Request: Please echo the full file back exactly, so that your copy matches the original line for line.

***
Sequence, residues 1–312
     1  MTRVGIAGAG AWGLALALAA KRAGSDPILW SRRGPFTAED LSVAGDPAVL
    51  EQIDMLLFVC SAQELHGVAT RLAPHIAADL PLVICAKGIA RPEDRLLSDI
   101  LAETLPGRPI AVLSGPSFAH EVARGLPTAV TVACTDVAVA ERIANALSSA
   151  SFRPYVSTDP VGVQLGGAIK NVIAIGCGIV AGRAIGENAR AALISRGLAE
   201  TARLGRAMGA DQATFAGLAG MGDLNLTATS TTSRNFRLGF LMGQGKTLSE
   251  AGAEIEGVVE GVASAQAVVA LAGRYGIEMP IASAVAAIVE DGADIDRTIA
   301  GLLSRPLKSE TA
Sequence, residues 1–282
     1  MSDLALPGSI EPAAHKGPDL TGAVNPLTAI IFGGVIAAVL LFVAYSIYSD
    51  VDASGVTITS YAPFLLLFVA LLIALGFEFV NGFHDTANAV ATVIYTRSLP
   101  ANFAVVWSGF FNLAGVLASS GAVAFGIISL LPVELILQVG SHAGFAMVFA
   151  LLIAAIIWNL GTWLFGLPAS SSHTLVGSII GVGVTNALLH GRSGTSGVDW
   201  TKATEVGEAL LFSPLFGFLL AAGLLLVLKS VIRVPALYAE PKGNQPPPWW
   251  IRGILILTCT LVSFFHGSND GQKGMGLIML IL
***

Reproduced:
Sequence, residues 1–312
     1  MTRVGIAGAG AWGLALALAA KRAGSDPILW SRRGPFTAED LSVAGDPAVL
    51  EQIDMLLFVC SAQELHGVAT RLAPHIAADL PLVICAKGIA RPEDRLLSDI
   101  LAETLPGRPI AVLSGPSFAH EVARGLPTAV TVACTDVAVA ERIANALSSA
   151  SFRPYVSTDP VGVQLGGAIK NVIAIGCGIV AGRAIGENAR AALISRGLAE
   201  TARLGRAMGA DQATFAGLAG MGDLNLTATS TTSRNFRLGF LMGQGKTLSE
   251  AGAEIEGVVE GVASAQAVVA LAGRYGIEMP IASAVAAIVE DGADIDRTIA
   301  GLLSRPLKSE TA
Sequence, residues 1–282
     1  MSDLALPGSI EPAAHKGPDL TGAVNPLTAI IFGGVIAAVL LFVAYSIYSD
    51  VDASGVTITS YAPFLLLFVA LLIALGFEFV NGFHDTANAV ATVIYTRSLP
   101  ANFAVVWSGF FNLAGVLASS GAVAFGIISL LPVELILQVG SHAGFAMVFA
   151  LLIAAIIWNL GTWLFGLPAS SSHTLVGSII GVGVTNALLH GRSGTSGVDW
   201  TKATEVGEAL LFSPLFGFLL AAGLLLVLKS VIRVPALYAE PKGNQPPPWW
   251  IRGILILTCT LVSFFHGSND GQKGMGLIML IL